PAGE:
The fuselage halves can now be prepared for joining. Insert the rod on the forward end of the port clearance door through the hole in the forward bulkhead and make a hinge for the rear end. Slide the main spar with the main jack already attached into one half of the fuselage and trap the upper pivot of the drag strut in the holes provided. With the tail turret in place the fuselage halves can now be cemented together. When the fuselage is dry, cement the lower end of the main jack to the yoke with epoxy and insert the lower end of the snubber into the forward end of the boom. The other clearance door is fitted next and the front and rear ends of the aft fixed fairing are cemented in place.

If everything has gone according to plan the trapeze should extend and retract and pivot about the yoke, the travel being limited by the snubber. The clearance doors should also operate.

Extract from the USAF operating manual - kindly supplied by General Dynamics

Stage 3. The RF-84K

This is the simplest of the three stages. Complete the model in accordance with the kit instructions with its undercarriage retracted but do not cement the tailplanes (parts 29 and 30) in place yet. A probe, made from scrap plastic to the shape shown in the drawings, is attached to the upper nose with its rear end 20mm from the front of the cockpit. A hole is drilled through the fuselage 42mm from the front of the intake and 5mm up from the wing root through which a length of hollow rod, the same width as the fuselage, is inserted. This hollow rod is used to locate the length of plastic rod which is inserted through one aft boom latch, then the fuselage and out the other side to the other aft boom latch to suspend the parasite from the trapeze at the rear end; the forward end being suspended from the probe receiver. Finally cement the tailplane in place at an angle of  25 deg from the horizontal to allow the rear of the parasite to sit snugly up against the aft fixed fairing on the bomber.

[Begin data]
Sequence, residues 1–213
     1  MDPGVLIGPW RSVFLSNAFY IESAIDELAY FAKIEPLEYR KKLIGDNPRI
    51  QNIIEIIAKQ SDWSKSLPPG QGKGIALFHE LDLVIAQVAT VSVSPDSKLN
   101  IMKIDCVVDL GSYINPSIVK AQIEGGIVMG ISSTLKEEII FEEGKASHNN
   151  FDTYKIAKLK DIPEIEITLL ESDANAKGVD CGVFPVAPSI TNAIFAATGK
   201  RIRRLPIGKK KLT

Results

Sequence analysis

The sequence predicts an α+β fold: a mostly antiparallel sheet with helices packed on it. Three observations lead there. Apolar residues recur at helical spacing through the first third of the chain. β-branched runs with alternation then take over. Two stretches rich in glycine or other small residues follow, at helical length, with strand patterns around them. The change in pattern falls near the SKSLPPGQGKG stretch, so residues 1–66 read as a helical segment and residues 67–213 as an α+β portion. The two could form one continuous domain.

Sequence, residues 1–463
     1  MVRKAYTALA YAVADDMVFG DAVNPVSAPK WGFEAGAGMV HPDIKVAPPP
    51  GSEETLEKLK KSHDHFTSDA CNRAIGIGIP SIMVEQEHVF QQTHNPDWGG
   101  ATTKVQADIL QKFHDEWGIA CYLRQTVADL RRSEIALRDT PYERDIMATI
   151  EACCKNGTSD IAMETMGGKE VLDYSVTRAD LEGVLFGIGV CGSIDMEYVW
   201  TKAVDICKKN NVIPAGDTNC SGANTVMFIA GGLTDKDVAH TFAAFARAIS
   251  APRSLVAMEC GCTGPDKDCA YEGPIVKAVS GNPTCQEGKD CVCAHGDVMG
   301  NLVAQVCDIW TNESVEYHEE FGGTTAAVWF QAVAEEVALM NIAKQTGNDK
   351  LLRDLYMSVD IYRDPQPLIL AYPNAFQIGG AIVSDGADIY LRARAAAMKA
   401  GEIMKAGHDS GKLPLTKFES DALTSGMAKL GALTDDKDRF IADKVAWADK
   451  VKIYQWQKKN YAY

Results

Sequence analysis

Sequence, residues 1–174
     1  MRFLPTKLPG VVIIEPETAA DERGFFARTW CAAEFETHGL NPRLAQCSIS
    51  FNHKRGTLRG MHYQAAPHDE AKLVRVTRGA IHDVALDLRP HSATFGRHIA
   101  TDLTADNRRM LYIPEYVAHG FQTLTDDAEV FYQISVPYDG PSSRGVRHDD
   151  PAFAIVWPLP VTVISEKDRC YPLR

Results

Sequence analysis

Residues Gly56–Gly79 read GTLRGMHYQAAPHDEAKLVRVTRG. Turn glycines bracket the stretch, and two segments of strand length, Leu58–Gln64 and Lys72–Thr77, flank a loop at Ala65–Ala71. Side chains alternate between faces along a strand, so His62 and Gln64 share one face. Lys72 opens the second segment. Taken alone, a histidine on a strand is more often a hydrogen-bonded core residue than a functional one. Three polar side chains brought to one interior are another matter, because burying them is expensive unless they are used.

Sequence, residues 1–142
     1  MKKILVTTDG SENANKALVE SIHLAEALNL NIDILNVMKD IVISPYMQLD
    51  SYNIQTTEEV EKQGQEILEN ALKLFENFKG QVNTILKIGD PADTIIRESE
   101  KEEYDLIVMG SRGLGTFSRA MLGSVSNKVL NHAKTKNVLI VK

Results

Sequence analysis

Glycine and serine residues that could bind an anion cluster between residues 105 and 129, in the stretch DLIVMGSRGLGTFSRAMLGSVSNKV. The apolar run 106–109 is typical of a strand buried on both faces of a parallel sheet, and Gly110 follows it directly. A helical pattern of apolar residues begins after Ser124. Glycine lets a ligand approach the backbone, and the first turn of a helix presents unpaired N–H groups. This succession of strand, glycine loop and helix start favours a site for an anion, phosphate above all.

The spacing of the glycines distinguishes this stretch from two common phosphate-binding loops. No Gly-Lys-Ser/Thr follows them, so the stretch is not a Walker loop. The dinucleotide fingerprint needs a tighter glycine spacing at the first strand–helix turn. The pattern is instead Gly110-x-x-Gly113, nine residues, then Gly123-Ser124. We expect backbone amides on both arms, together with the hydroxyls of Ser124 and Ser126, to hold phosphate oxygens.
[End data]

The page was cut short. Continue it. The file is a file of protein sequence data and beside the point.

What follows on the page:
The final details can now be dealt with. The antenna for the AN/APX-29 rendezvous equipment is made (a Ju-87 mainwheel spat suitably trimmed is ideal) and attached to the upper fuselage with its front end 10.4cm from the rear of the cockpit canopy. The blanked-off gunners’ positions are filled in and sanded smooth - as is the hole left by the removal of the nose cannon. The rest of the model is completed in accordance with the kit instructions for the RB-36D version.

Numerous aerials made from stretched sprue are added to the fuselage. These aerials are shown to advantage on the back cover of the Squadron/Signal book which also provides details of the markings carried by a GRB-36D of the 99th SRW - but note that the trapeze is of the prototype form.

By removing the lugs on the upper part of the nosewheel strut (part 60) and widening the rear section of the nosewheel cavity the undercarriage will push-fit into place. Monogram have thoughtfully provided two sets of undercarriage doors—extended and retracted so the model, with a little modification, can be displayed on its wheels with the parasite in the bomb-bay or - at its best - hanging in mid-air as if in flight with the trapeze extended and the RF-84K suspended as though it were about to be launched.

Harleyford’s ‘US Army and Air Force Fighters 1916-1961’
Squadron/Signal’s ‘B-36 in Action’
‘Thundering Peacemaker’ by Frederick A. Johnsen, Published by
Bomber Books.

I would like to thank Z Joe Thornton of General Dynamics (Convair
Division) for supplying material which was of great help in the
preparation of this article.

Other parasite combinations :-
1.  Culver Q-14 drone coupled to the wingtip of a Douglas C-47
2.  Two EF-84B fighters coupled to the wingtips of an ETB-39A bomber (Project MX1016)
3.  Two RF-84F fighter/recce a/c attached to the wingtips of a B-36 (Project Tom-Tom)
4.  Two Soviet I-4 fighters attached to the upper wings of a TB-1 bomber - see my model at :-  'Zveno-1' -
5.  Two Soviet I-5 fighters on top of the wings, two I-16 fighters under the wings plus an I-Z fighter
     on a trapeze under the fuselage - 'Zveno-7'  my next project !

Sequence of photos of my model RF-84K hooking up to the GRB-36D ..................................

Photos showing the modified bomb bay and trapeze.
Note that my model is incorrect - the forward section of the starboard clearance door should be fixed - see my drawings.